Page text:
I was stricken with some sort of stomach bug late on Wednesday night, which, while fairly gone by now, has continued to make my stomach somewhat delicate. As a result, I’m trying to take it easy while building up my strength, since my appetite is beginning to return (to put it nicely, my body didn’t retain almost any of the food I put into it on Friday, and yesterday the meds I took made me so woozy that I spent most of the day sleeping and didn’t eat much — the upshot seems to be that my body has been craving nutrition, but since I don’t trust it to handle normal food yet, I had to be resourceful). I’ve been trying to be strategic about the food that I’ve been eating in the last two days — simple, but high energy, whenever possible.
Today after church I had a chance to stop at a drugstore, so I picked up some ingredients to make the above, simple macaroni soup that my mother used to make for me sometimes when I was recovering from the stomach flu and well enough to eat solids, but not quite ready for rich foods yet. She used to make it on the stove, with cubed, tinned ham and frozen vegetables, but as my microwave was the best cooking option available to me [the pots in the dorm kitchenette are kind of sketchy, read: not sanitary, since there’s definitely illness going around and they haven’t been cleaned in a while], and I only had lunchmeat ham and peas from the dining hall, that’s what I used. I also added some tofu, for extra protein.
(This dish, by the way, is how I first came to fall in love with Bovril. My mom usually added Brand’s Essence of Chicken to strengthen the nutritional value of the soup, but once she ran out and used Bovril instead, and I liked it so much that I kept requesting it…Bovril and Brand’s still remain my favorite broths to put on noodles of any sort, especially on the threadlike Chinese noodles that are pronounced something like meen seen in Cantonese. People who know me are amused by how deep my devotion to Bovril runs; after they stopped selling it in the US, my grandparents used to bring bottles of it back for me each time they went to Hong Kong. When I went to England, I was THRILLED to find it on the supermarket shelves there, and – unaware that it was illegal to bring it back in my luggage since I didn’t get stopped at customs – brought two pots back, which I’ve been hoarding and slowly treasuring since…).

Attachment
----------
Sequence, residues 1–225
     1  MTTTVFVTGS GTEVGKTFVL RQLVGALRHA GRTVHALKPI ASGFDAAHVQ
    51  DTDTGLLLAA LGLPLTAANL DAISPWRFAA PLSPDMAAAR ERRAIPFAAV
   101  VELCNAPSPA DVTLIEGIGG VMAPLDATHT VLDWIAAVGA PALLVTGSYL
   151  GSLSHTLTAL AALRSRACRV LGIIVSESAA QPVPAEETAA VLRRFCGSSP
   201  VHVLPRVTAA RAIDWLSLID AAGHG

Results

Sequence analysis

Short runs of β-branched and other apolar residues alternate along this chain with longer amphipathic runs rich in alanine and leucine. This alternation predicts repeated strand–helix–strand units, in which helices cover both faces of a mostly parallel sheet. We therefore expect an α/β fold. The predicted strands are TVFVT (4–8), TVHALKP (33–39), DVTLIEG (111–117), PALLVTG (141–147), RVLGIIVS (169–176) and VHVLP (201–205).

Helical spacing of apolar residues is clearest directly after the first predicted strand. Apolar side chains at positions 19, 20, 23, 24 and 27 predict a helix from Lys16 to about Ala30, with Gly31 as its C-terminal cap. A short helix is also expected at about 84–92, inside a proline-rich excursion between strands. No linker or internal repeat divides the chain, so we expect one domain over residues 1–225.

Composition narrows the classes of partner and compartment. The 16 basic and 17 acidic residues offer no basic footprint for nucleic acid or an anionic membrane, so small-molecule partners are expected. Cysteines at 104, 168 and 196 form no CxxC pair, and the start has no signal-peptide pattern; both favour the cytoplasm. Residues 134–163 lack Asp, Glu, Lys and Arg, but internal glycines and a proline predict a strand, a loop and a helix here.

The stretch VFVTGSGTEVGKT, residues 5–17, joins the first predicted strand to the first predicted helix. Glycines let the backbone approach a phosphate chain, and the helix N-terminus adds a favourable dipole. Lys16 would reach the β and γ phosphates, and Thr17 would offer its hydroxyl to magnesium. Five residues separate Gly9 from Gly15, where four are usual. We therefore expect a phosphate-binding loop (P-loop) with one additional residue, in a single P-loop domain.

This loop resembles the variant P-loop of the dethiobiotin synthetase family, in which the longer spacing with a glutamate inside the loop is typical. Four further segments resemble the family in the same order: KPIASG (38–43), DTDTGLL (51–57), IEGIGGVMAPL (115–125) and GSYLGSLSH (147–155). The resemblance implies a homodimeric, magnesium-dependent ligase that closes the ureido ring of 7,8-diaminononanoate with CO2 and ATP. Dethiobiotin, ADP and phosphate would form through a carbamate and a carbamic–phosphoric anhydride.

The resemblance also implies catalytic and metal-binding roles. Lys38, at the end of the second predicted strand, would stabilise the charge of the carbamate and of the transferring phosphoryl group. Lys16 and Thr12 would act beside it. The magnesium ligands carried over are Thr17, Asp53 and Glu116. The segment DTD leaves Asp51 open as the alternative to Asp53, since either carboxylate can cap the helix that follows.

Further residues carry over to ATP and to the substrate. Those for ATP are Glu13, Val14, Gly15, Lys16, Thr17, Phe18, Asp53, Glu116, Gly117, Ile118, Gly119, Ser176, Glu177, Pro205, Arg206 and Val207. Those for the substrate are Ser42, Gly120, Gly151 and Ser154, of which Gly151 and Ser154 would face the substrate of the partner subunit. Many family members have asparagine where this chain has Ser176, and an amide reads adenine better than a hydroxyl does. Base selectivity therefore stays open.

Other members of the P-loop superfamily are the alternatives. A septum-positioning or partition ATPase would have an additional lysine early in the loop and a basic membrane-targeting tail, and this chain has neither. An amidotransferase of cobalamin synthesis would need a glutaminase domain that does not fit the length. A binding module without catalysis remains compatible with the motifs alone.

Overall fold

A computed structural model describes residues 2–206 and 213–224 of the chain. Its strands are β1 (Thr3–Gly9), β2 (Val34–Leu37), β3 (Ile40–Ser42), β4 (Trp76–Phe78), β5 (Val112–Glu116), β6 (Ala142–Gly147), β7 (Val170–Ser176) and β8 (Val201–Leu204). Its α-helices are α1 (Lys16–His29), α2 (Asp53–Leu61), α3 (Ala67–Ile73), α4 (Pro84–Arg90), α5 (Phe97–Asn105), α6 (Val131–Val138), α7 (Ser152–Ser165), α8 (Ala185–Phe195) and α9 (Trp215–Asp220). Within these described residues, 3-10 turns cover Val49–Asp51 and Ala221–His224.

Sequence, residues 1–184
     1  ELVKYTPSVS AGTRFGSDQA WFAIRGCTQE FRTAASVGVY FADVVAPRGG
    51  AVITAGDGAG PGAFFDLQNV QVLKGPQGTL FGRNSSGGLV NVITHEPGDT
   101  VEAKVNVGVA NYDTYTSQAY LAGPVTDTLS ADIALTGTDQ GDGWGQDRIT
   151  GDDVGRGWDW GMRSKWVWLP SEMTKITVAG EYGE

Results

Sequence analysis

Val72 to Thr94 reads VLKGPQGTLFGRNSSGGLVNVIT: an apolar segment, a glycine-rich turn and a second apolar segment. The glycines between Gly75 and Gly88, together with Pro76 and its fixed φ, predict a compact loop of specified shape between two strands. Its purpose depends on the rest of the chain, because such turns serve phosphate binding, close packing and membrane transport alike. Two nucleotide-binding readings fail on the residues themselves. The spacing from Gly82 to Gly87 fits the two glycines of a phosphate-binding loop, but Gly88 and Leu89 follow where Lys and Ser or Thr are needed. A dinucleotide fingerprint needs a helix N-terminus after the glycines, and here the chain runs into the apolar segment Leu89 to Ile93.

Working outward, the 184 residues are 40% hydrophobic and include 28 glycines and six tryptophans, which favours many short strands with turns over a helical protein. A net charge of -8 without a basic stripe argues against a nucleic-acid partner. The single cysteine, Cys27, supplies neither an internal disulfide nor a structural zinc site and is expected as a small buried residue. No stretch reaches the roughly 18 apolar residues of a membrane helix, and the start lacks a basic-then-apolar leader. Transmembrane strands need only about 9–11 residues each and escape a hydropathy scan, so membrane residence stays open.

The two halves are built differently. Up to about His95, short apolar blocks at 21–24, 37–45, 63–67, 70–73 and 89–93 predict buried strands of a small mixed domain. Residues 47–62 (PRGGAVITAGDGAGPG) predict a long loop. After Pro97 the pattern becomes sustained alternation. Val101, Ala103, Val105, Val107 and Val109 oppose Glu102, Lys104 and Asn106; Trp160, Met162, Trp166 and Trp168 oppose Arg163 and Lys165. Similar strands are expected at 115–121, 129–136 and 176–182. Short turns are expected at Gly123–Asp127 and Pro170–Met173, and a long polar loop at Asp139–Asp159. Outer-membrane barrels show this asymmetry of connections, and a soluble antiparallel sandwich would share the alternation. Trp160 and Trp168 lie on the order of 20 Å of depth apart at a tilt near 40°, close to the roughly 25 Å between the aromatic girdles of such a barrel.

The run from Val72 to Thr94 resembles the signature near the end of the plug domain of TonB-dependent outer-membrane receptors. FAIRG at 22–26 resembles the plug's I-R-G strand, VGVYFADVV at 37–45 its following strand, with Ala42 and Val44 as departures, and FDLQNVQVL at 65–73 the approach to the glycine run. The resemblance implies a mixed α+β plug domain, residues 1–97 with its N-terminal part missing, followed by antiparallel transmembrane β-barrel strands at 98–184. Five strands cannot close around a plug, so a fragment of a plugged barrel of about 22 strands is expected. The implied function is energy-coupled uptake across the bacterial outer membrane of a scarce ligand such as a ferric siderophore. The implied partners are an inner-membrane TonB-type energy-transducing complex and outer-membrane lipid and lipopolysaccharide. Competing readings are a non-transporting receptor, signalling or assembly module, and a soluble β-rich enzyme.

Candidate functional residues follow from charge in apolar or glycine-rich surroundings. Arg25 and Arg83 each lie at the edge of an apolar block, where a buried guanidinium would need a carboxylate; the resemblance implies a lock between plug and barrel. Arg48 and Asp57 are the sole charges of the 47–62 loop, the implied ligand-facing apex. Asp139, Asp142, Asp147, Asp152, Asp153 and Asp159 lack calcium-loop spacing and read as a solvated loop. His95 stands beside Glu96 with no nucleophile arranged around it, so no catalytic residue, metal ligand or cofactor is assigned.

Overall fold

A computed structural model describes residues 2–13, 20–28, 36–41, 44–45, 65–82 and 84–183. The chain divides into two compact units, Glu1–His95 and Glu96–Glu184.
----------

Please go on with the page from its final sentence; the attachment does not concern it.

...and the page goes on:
The soup can also be served with straight chicken broth. I ate it that way for dinner (the Bovril version was my lunch) to vary things up a bit. It’s a bit more “normal” tasting (to people who don’t like Bovril) that way. Here’s what the lighter version looks like:
Microwave Macaroni Soup
(makes 1 heaping portion)
1 cup dry elbow macaroni
1/2 can of low-fat, low-sodium chicken broth (if you want a plain chicken broth base, you’ll need a whole can)
handful of ham (cut into small pieces)
handful of cooked peas (frozen or fresh)
handful of small tofu cubes
2-3 heaping tablespoons of Bovril (or to taste, if desired).
1. Place the macaroni in a microwave-safe bowl and add enough water to amply cover it. Spoon out the macaroni for now, leaving the water behind in the bowl.
2. Microwave the water for about 3-4 minutes on full power (high/cook) or until it’s just about boiling.
3. Add the macaroni back in and microwave the bowl in 3 or 4 spurts of 3-minutes each, stirring the pasta and replacing any cooked off water with chicken broth between each spurt. The noodles will be done when they’re soft and white all through (note: because they’re microwaved, they may look a little different than noodles cooked on the stove — think EasyMac, and what it looks like when it’s done cooking). Be careful not to let the noodles stick to the bowl or run out of water at any point, or you’ll have a big mess on your hands!
4. Carefully remove the bowl from the microwave and stir in remaining chicken broth.
5. Place peas, ham, and tofu in serving bowl and pour noodles and broth over them. Spoon in Bovril to taste – if there’s not enough liquid left to make a soup, just add some hot water at this point (or, if just a chicken broth base is desired, add the rest of the can and nuke the soup for a few more minutes to get the heat back up, since the stuff from the can will be cold).
The soup can keep in the fridge for a couple days if placed in a properly sealed container. You may find that you may need to add more liquid before reheating if it’s been sitting in the fridge for a while, though, because the noodles will absorb a lot of the broth over time. I find that if I’m making a large batch or some in advance, it’s best to cook all the fillings — noodles, ham, peas, etc. — and store them without broth in the fridge. Then I just add broth into each serving as I’m ready to eat it.